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PD-L1 Protein Expression and Gene Amplification Correlate with the Clinicopathological Characteristics and Prognosis of Lung Squamous Cell Carcinoma

Aug 11, 2021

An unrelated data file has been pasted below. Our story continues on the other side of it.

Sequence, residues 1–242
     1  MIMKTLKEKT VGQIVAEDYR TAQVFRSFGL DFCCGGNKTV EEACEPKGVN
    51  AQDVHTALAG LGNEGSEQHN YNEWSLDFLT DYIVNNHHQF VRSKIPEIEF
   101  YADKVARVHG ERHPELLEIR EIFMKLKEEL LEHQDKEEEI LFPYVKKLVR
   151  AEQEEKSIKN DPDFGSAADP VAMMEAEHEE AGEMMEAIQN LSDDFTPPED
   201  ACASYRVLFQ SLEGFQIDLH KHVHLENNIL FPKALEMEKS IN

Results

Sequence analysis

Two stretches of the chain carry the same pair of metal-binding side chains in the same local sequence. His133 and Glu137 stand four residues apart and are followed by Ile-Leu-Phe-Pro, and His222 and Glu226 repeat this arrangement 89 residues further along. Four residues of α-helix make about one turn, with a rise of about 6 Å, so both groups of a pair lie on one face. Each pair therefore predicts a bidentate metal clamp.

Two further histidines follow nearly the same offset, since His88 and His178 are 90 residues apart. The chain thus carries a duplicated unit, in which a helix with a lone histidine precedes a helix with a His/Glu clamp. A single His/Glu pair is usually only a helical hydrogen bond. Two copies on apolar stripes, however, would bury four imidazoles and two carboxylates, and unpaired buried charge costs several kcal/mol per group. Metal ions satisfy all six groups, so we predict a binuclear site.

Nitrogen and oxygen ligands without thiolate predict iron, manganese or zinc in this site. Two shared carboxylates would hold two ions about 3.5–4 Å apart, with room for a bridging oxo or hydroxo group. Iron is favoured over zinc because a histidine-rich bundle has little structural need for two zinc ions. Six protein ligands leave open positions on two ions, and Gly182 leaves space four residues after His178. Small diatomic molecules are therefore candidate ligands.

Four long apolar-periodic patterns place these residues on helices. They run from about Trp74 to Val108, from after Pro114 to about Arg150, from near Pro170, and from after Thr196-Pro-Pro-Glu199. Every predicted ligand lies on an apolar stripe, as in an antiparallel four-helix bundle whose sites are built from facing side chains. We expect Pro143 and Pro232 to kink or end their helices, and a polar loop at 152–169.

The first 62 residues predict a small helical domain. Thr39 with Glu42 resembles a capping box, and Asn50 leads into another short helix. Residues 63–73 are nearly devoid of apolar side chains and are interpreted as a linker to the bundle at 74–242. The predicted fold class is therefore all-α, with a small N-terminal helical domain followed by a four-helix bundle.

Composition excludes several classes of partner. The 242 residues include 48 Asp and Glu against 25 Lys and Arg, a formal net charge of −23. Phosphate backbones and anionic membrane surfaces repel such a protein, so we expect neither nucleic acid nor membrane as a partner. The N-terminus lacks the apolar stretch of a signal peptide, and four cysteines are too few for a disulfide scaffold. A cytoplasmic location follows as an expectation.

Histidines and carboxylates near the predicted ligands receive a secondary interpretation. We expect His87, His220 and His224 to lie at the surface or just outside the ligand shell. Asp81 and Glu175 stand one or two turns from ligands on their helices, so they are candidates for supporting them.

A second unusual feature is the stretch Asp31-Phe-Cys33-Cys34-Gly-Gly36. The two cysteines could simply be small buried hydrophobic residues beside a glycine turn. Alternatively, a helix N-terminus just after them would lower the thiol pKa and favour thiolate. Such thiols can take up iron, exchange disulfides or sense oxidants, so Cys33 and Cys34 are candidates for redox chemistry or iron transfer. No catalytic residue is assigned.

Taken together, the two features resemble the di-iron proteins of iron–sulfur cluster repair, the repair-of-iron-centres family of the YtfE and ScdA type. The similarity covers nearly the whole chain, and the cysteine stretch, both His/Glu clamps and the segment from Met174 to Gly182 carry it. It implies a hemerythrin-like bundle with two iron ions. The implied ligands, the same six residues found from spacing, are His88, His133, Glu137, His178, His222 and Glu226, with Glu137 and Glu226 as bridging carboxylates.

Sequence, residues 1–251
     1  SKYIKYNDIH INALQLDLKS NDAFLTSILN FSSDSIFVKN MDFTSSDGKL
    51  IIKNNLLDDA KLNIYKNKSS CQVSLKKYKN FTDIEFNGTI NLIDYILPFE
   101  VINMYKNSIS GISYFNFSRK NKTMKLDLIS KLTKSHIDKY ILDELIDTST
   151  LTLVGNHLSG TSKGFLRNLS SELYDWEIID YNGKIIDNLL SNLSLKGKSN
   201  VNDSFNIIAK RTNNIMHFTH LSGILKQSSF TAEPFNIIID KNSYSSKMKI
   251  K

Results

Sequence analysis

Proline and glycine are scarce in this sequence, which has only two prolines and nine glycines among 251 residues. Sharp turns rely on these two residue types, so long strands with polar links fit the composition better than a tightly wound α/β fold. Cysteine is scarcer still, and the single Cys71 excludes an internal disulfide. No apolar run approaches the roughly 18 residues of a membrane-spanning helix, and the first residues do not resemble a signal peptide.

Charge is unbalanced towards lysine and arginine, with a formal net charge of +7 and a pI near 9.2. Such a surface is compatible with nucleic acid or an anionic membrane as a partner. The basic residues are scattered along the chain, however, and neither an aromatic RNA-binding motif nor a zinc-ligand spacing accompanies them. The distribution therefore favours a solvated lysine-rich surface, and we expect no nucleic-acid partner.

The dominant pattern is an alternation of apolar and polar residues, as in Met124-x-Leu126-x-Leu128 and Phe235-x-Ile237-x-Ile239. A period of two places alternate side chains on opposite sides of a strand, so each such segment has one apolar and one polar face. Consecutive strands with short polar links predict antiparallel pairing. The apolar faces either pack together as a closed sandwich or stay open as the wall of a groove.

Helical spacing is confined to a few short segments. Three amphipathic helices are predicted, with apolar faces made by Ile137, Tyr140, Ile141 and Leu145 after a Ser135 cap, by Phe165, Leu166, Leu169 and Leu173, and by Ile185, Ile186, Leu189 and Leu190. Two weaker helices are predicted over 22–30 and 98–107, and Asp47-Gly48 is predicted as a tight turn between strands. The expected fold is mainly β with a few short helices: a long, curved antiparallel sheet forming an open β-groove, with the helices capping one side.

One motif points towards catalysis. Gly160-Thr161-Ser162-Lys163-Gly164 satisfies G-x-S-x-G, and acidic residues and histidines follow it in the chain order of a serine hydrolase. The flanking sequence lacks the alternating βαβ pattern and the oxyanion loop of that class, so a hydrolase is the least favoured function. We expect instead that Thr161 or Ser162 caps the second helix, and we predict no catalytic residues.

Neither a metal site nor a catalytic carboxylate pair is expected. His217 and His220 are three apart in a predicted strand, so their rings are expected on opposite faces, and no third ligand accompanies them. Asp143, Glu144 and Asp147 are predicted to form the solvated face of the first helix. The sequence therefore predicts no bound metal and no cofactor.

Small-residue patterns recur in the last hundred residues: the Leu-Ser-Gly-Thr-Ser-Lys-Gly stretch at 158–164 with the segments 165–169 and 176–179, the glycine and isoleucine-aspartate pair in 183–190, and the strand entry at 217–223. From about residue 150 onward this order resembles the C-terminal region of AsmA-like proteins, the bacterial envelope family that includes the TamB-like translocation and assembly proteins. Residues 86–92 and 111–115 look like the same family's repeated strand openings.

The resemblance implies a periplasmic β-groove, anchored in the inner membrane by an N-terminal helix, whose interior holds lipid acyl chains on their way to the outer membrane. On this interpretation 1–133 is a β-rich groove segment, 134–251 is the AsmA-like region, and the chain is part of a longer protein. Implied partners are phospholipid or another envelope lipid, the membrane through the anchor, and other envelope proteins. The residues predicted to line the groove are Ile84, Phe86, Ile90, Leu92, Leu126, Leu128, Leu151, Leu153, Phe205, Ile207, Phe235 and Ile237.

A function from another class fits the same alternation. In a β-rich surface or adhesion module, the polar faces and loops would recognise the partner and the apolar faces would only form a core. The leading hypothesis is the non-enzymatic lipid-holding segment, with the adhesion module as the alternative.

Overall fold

Zhenwen Chen,1,2,&ast; Ning Zhao,1,&ast; Qi Wang,1 Yanfeng Xi,3 Xiaoai Tian,2 Huiwen Wu,1 Yirong Xu1,2 1Department of Pathology, Fenyang College of Shanxi Medical University, Fenyang, 032200, Shanxi Province, People’s Republic of China; 2Department of Pathology, Shanxi Fenyang Hospital, Fenyang, Shanxi Province, People’s Republic of China; 3Department of Pathology, Shanxi Cancer Hospital (Shanxi Institute of Oncology), Taiyuan, Shanxi Province, People’s Republic of China &ast;These authors contributed equally to this work Correspondence: Huiwen Wu; Yirong Xu Department of Pathology, Fenyang College of Shanxi Medical University, No. 16 Xueyuan Road, Fenyang, 032200, Shanxi Province, People’s Republic of China Tel +86 151 3588 2981 Purpose: To investigate PD-L1 protein expression and gene amplification in lung squamous cell carcinoma (LUSC) and analyse their correlation with the clinicopathological characteristics and prognosis of LUSC patients. Patients and Methods: Tissue samples from 164 LUSC patients were collected. PD-L1 protein was detected by immunochemistry (IHC), and PD-L1 gene amplification was investigated by fluorescence in situ hybridization in LUSC patients. Results: The positive expression rate of PD-L1 in LUSC was 47.6% (78/164), and the amplification rate of PD-L1 was 6.7% (11/164); both rates were higher than those of paratumor tissue. Both PD-L1 positive expression and gene amplification were correlated with clinical stage and lymph node metastasis (PConclusion: Positive PD-L1 protein expression and gene amplification are involved in the malignant progression and metastasis of LUSC. Both PD-L1 protein expression and gene amplification are associated with poor prognosis. Keywords: PD-L1 protein expression, PD-L1 gene amplification, lung squamous cell carcinoma, prognosis Introduction Lung cancer is a malignant tumor with the highest morbidity and mortality worldwide. 1 Histological types of lung cancer include non-small-cell lung cancer (NSCLC) and small cell lung cancer (SCLC). NSCLC is a malignant tumor with high rates of recurrence and metastasis. 2 , 3 NSCLC has several histological subtypes, including adenocarcinoma, squamous cell carcinoma (LUSC), and large cell carcinoma. LUSC and adenocarcinoma account for the majority of NSCLC. Various oncogene mutations mainly occur in lung adenocarcinoma, 4 and driver oncogene mutations, such as EGFR and KRAS mutations, can be found in more than three-quarters of Chinese lung adenocarcinoma patients. Therefore, a variety of gene-targeting drugs for lung adenocarcinoma, such as erlotinib, have been widely used in clinical practice. However, driver gene mutation incidence in LUSC is low, and molecular targeted therapy in LUSC patients is ineffective. 5–7 Fortunately, PD-1/PD-L1 immune checkpoint inhibitors have been observed to play increasingly important roles in LUSC. At present, screening patients who benefit from PD-1/PD-L1 inhibitors mainly depends on PD-L1 protein expression detection by IHC. However, due to the use of different reagent manufacturers and platforms, detection criteria have not been standardised until recently. Therefore, it is urgent to find new biomarkers to provide more evidence for precisely screening beneficiaries. Lee KS found that in CRC patients, PD-L1 gene amplification definitely contributes to the upregulation of the PD 1/PD-L1 axis. 8 However, only a few studies with small samples have reported detectable PD-L1 amplification in head and neck squamous cell carcinoma, cervical squamous cell carcinoma and triple-negative breast cancer. Generally, according to genetic central dogma, gene amplification leads to high expression of the protein, but it is not necessarily the only cause, because the protein overexpression may be caused by complex molecular mechanism. Therefore, it is one of the purposes of the study to analyse whether PD-L1 protein overexpression and PD-L1 gene amplification are consistent. If they are consistent, the two methods, that is, the protein expression detected by IHC and gene amplification detected by FISH, can be mutually verified in clinical practice. Currently, the prognosis significance of PD-L1 gene amplification has been rarely studied and the findings of PD-L1 protein expression in malignant tumours remain controversial. 9–16 Therefore, we analysed the prognosis significance of PD-L1 protein overexpression and PD-L1 gene amplification in LUSC to determine whether the biomarker is a predictor of the clinical prognosis in LUSC patients. Materials and Methods Patients and Samples A total of 164 LUSC patients in Shanxi Tumor Hospital between December 2012 and December 2013 were enrolled. All patients underwent radical surgical treatment for lung cancer. Patients with radiation and chemotherapy were excluded. Complete clinicopathologic and follow-up data of the patients were collected. Clinical stage was determined according to the ninth edition of the TNM staging system (Union for International Cancer Control, UICC). Among 164 patients, 146 were male and 18 were female. All patients were followed-up, and the deadline for follow-up was March 2020. All collected specimens were handled and made anonymous according to accepted ethical and legal standards. This study was approved by the Institute Research Medical Ethics Committee of Shanxi Tumor Hospital and was performed in accordance with the Declaration of Helsinki. All patients signed written informed consent. Construction of Tissue Microarrays (TMAs) Three TMAs were constructed containing 164 LUSC and 16 normal control tissue cores. First, each H&E-stained section was reviewed retrospectively. Two pathologists selected representative formalin-fixed and paraffin-embedded blocks. Then, a hollow needle was used to punch and extract cores (0.9-mm diameter) from each tumor sample. Two cores were extracted from typical cancer cell nest zones in each sample for TMAs construction, and the protein expression rates of the two cores were averaged. Next, the cores were embedded in paraffin blocks of more than 10 lines across 6 rows for a total of three tissue chips with 180 samples. Immunohistochemistry (IHC) PD-L1 protein expression was detected by immunohistochemistry. Immunohistochemistry was conducted using a Dako PD-L1 IHC 22C3 Pharm DX Assay Kit (Agilent Technologies Co. Ltd., USA) on the Dako Autostainer Link 48 (ASL48) platform. The operation was performed according to manufacturer recommendations. Briefly, the tissue sections underwent deparaffinization, rehydration and antigen retrieval. Following FLEX peroxidase blocking for 5 minutes, specimens were incubated with 22C3 clone anti-PD-L1 antibody (mouse, 1:50, Dako, Carpinteria, CA, USA) for 60 minutes at room temperature. Specimens were then incubated with the EnVision™ FLEX+ Mouse LINKER and the EnVision™ FLEX HRP visualization reagent for 30 minutes at room temperature. Finally, the specimens were developed with DAB and counterstained with haematoxylin and covered with a cover-slip. Each IHC run contained a positive control (on-slide tonsil tissue) and a negative antibody control (buffer, no primary antibody). PD-L1 expression was determined using TPS, and staining of the tumor cell membrane or basal membrane and lateral membrane with brown-yellow particles was regarded as positive expression. Cytoplasmic staining was considered nonspecific and was excluded in the assessment of staining intensity. Normal cells and tumor-associated immune cells, such as infiltrating lymphocytes or macrophages, were not included in the scoring for determining PD-L1 expression level. Using TPS≥1% and TPS≥50% as cut-offs, the expression of PD-L1 was classified into three levels ( Table 1 ): PD-L1 TPS<1% (negative); PD-L1 1%≤TPS≤49% ( Figure 1A ); PD-L1 TPS≥50% ( Figure 1B ). Two experienced pathologists each independently read the sections. Table 1 Classification of PD-L1 Protein Expression Level in LUSC Figure 1 PD-L1 protein expression and gene amplification in lung squamous cell carcinoma. (A and B) Representative images of PD-L1 protein expression. (A) Low to moderate expression of PD-L1 (1%≤TPS≤49%) × 400. (B) High expression of PD-L1 protein (TPS> 50%) × 400. (C and D) Representative images of PD-L1 gene amplification analysed by FISH. (C) PD-L1 gene amplified Ratio > 2, parts of PD-L1 gene (red fluorescence) were expressed in clusters ×1000. (D) PD-L1 gene without amplification×1000. Fluorescence in situ Hybridization (FISH) A PD-L1 (9p24) two-color probe was used (Guangzhou Ambiping Pharmaceutical Technology Co., Ltd., China) to perform FISH. The sections were placed in an oven at 65°C for 30 minutes and successively immersed in xylene, 100% ethanol and distilled water 2–3 times. Afterwards, proteolysis was performed with a pepsin working liquid at 37°C for 10 minutes. Then, each section was immersed in 2×SSC for 5 minutes, dehydrated in gradient ethanol for 2 minutes, and dried naturally. Probe liquid was poured on the tissue area and covered with a cover glass. The slices were placed in a hybridization instrument (Abbott Laboratories, USA). DNA was denatured at 85°C for 5 minutes and hybridized at 37°C for 10–16 hours. Finally, cells were counterstained with DAPI, and the number of double-color signals indicative of tumor cells was counted in at least 30 cells in a high-power field. Red signals signified the PD-L1 gene, and green signals were indicative of the chromosome 9 centromere. PD-L1 gene amplification was defined as follows: (1) ratio value ≥2.0; ratio value was average gene/average centromere (or average value of the red signal/average value of the green signal ≥2.0)( Figure 1C ); (2) ratio value <2.0, but average copy number of PD-L1 ≥6.0 (or average red signal number ≥6.0 or many red signals were connected in clusters)( Figure 1D ). No PD-L1 gene amplification was indicated if the ratio value was less than 2.0 and the average red signal number was less than 4.0. Statistical Analysis SPSS 26.0 statistical software (IBM Corp, Armonk, NY, USA) was used to analyse the data. The relationship of PD-L1 protein expression and PD-L1 gene amplification with clinicopathological factors was analysed by the χ2 test. Correlation between PD-L1 protein expression and PD-L1 gene amplification was analysed by Spearman correlation analysis. Overall survival (OS) was defined from the date of surgery to the last follow-up or death. Disease-free survival (DFS) was defined from the date of surgery to recurrence. Univariate analysis of prognostic factors was done by Kaplan-Meier survival analysis and Log rank test. Multivariate analysis was performed by Cox regression analysis. P<0.05 was considered significant for all the above analyses. Results PD-L1 Protein Expression and Gene Amplification in LUSC PD-L1 was negatively expressed in all paratumor tissues and weakly expressed in inflammatory cells. PD-L1 protein was mainly observed on cancer cell membranes ( Figure 1 ); the results are shown in Table 2 . The positive rate of PD-L1 was 47.6% (78/164). Among the 164 LUSC patients, 86 cases (52.4%) had negative expression (TPS < 1%), 47 cases (28.7%) had moderate expression (1% ≤ TPS ≤ 49%), and 31 cases (18.9%) had high expression of PD-L1 (TPS ≥ 50%). The amplification rate of PD-L1 in LUSC was 6.7% (11/164). Among these 11 patients ( Table 3 ), the positive expression rate of PD-L1 protein was 100% (11/11), including 7 patients with high expression (7/11, 63.6%) and 4 patients with moderate expression of PD-L1 (4/11, 36.4%). Correlation analysis showed that PD-L1 gene amplification was positively correlated with protein expression intensity (r=0.786, P<0.001, Table 3 ), which revealed that PD-L1 protein expression and PD-L1 gene amplification were consistent in LUSC. Table 2 Relationship Between PD-L1 Gene Amplification and Clinicopathological Features of Lung Squamous Cell Carcinoma Table 3 Correlation Between PD-L1 Gene Amplification and Protein Expression Relationship Between PD-L1 Protein Expression, Gene Amplification and Clinicopathological Characteristics of Patients with LUSC (See Table 2 ) Positive PD-L1 protein expression was significantly correlated with age, tumor size, clinical stage and lymph node metastasis in LUSC patients (P<0.05) but not correlated with gender, smoking, histological grade, distant metastasis and recurrence (P>0.05). PD-L1 gene amplification was significantly correlated with lymph node metastasis and distant metastasis in LUSC patients (P<0.05) but was not related to gender, age, smoking, histological grade, tumor size, or recurrence (P>0.05). The PD-L1 protein positive expression rate in patients under 60 years old was significantly higher than that in patients over 60 years old (P=0.026). Gene amplification and protein expression rates of patients with advanced stage cancer (P<0.001) were significantly higher than those of patients in early stage cancer (P=0.017), and in those with lymph node metastasis, they were significantly higher than in those without lymph node metastasis (P=0.001; P<0.001). The amplification rate of PD-L1 gene in patients with distant metastasis was significantly higher than that in patients without distant metastasis (P<0.001). PD-L1 Positive Expression and Gene Amplification Predict Poor Prognosis in LUSC Patients Kaplan-Meier survival curves ( Figure 2 ) showed that the DFS and OS of patients with moderate and high PD-L1 expression were significantly shorter than those of patients with negative PD-L1 expression. The median survival (64.29±1.99) of patients with low PD-L1 expression was significantly longer than those with moderate (52.89±2.847) and high PD-L1 expression (36.359±2.297) (P<0.001, see Table 4 ). Compared with patients without PD-L1 amplification, the DFS and OS of patients with PD-L1 amplification were significantly shorter, and the median survival (27.909±3.942) was significantly shorter than that of patients without PD-L1 amplification (58.184±1.636) (P<0.001, see Table 4 ). Patients with PD-L1 expression >50% and gene amplification positive had shorter survival time than those patients with PD-L1 expression >50% and negative gene amplification (P<0.001, see Table 4 ). Even in patients with PD-L1 protein expression below 50%, that accompanied by positive gene amplification had significantly shorter survival time than patients with negative gene amplification (P<0.001, see Table 4 ). Multivariate analysis showed that clinical stage, lymph node metastasis, PD-L1 protein expression and PD-L1 gene amplification were independent adverse prognostic factors for LUSC (see Table 5 ). Table 4 Univariate Prognostic Factor Analysis by Log Rank Test Table 5 Cox Multivariate Survival Analysis in LSUC Patents Figure 2 Kaplan-Meier survival curves of PD-L1 amplification and expression in patients with lung squamous cell carcinoma. (A and C) DFS curve of patients with lung squamous cell carcinoma. (B and D) OS curve of patients with lung squamous cell carcinoma. (E) DFS curve of PD-L1 expression >50% and gene amplification. (F) OS curve of PD-L1 expression >50% and gene amplification. (G) DFS curve of PD-L1 expression<50% and gene amplification. (H) OS curve of PD-L1 expression <50% and gene amplification. Discussion Programmed cell death ligand 1 (PD-L1, also known as B7-H1, CD274) is a transmembrane protein that belongs to the B7 family. 17 Human PD-L1 gene is located on chromosome 9p24.1. Programmed death receptor-1 (PD-1) is mainly expressed on T lymphocytes. 18 High PD-L1 expression is found in a variety of solid tumors, such as lung cancer, liver cancer, breast cancer, and ovarian cancer. PD-L1 on tumor cells binds PD-1 receptors on T cells, resulting in the dephosphorylation of Sh2p-driven T cell receptors and its coreceptor CD28, which inhibits T cell activation, 19 weakening the ability of T cells to kill tumor cells. Under this mechanism, tumor cells can evade immune surveillance and promote tumor migration. 20 , 21 The results of this study showed that there were 47.6% patients with PD-L1 positive expression in LUSC, and the expression of PD-L1 was related to lymph node metastasis and advanced stage. The results indicated that high PD-L1 expression was involved in progression and metastasis of lung squamous cell carcinoma. The significance of PD-L1 expression in the prognosis of lung cancer remains controversial. A few studies have shown that PD-L1 expression was associated with better prognosis or longer overall survival; 22–26 only Ameratunga et al have suggested that the expression of PD-L1 was not associated with prognosis; 27 most studies have suggested that the expression of PD-L1 in lung cancer cells was associated with poor prognoses, 11 , 28–35 which is consistent with the results of this study. Both univariate analysis and multivariate analysis showed PD-L1 protein expression was significantly correlated with poor prognosis and was an independent risk factor for poor prognosis in clinical practice. Generally, gene amplification leads to high expression of the protein, but it is not necessarily the only cause, because the protein overexpression may be caused by complex molecular mechanism, such as gene enhancer mutation, modification and regulation of transcription and translation levels, and protein stability etc. Hence, gene amplification and protein overexpression are not always consistent in malignant tumors. However, there were few researches into PD-L1 gene amplification and its consistency with protein expression in lung cancer. Inoue Yusuke et al evaluated the PD-L1 copy number of 194 cases of NSCLC and found that the PD-L1 amplification rate was only 2.6%, 15 Some studies in European, American and Japanese populations have shown that PD-L1 gene amplification in NSCLC patients the PD-L1 gene amplification rate was lower than 5.3%. 10 , 36 , 37 In this study, we found that the amplification rate of the PD-L1 gene in squamous cell carcinoma was 6.7%, which was slightly higher than the average amplification rate of all types of previously studied NSCLCs. Moreover, patients with PD-L1 gene amplification showed positive expression of PD-L1 protein, which supported that PD-L1 gene amplification contributes to PD-L1 protein expression in LUSC. Therefore, PD-L1 protein expression detected by IHC and PD-L1 gene amplification detected by FISH can be mutually verified in clinical practice. As we all know, there are controversies surrounding the prognostic significance of PD-L1 gene amplification, and the prognostic implication of PD-L1 gene amplification has been rarely studied. Inoue Yusuke found that the DFS and OS of NSCLC patients with PD-L1 amplification showed good survival results. 15 Other studies have shown that PD-L1 gene amplification in NSCLC patients was associated with poor prognosis, 36 , 37 which corresponds with our findings. The results demonstrate that both PD-L1 protein expression and gene amplification can be poor prognosis predictors for LUSC patients. As it is a retrospective investigation, this study has certain limitations. First of all, all the LUSC patients from this cohort underwent surgical therapy without being treated with PD-L1 inhibitor. So, we will expand the sample size to include patients who have undergone PD-L1 inhibitor therapy in the subsequent research so as to analyse the relationship between biomarkers and the efficacy of PD-L1 inhibitors. In addition, this study only observed the phenomenon that PD-L1 expression increased in patients in advanced clinical stages with high rates of LNs and distant metastasis, which suggested the accompanying relationship between PD-L1 and tumor progression. Further research needs to do be done to clarify whether high PD-L1 expression is a cause or a result or an accompanied feature of highly aggressive tumors. Conclusion PD-L1 protein overexpression and gene amplification are consistent in LUSC. PD-L1 protein and gene amplification related to the malignant progression and metastasis of lung squamous cell carcinoma and both can predict poor prognosis. Therefore, in addition to PD-L1 protein, PD-L1 gene amplification may be used as a new routine detection marker for the immunotherapy of lung squamous cell carcinoma. Abbreviations LUSC, lung squamous cell carcinoma; IHC, immunochemistry; NSCLC, non-small-cell lung cancer; SCLC, small cell lung cancer; UICC, Union for International Cancer Control; TMAs, Construction of tissue microarrays; ASL48, Autostainer Link 48; FISH, Fluorescence in situ hybridization; DFS, Disease-free survival; OS, Overall survival; PD-1, Programmed death receptor-1; PD-L1, Programmed cell death ligand 1; HR, hazard ratio. Author Contributions Zhenwen Chen, Ning Zhao and Yirong Xu designed the whole study, collected the tissue specimens and performed FISH methods, read the sections and taken the picture of FISH, collected and analyzed data, then wrote the draft paper and revised paper. Yanfeng Xi, Huiwen Wu, Xiaoai Tian and Qi Wang developed the idea for the clinical study, collected clinicopathological data, performed IHC and wrote the materials of draft paper and revised the paper. All authors have reviewed and approved the drafted and final paper. All authors have agreed on the journal to which the article will be submitted and agreed to take responsibility and be accountable for the contents of the article. Funding This work was supported by grants of the followings:Shanxi Province foundation of supporting scientific research projects of returned overseas students (Grant number: 2020-156);Natural Science Foundation of Shanxi Province (Grant number: 201801D121347);Natural Science Foundation of LVliang Science Bureau (Grant number: 2020SHFZ28 and 2020SHFZ32).We are grateful to Bu fan and Jingjing JI for their generous help in providing experimental methods. We also thank Yingying Zhao and Zijuan Zeng for data analyses. Disclosure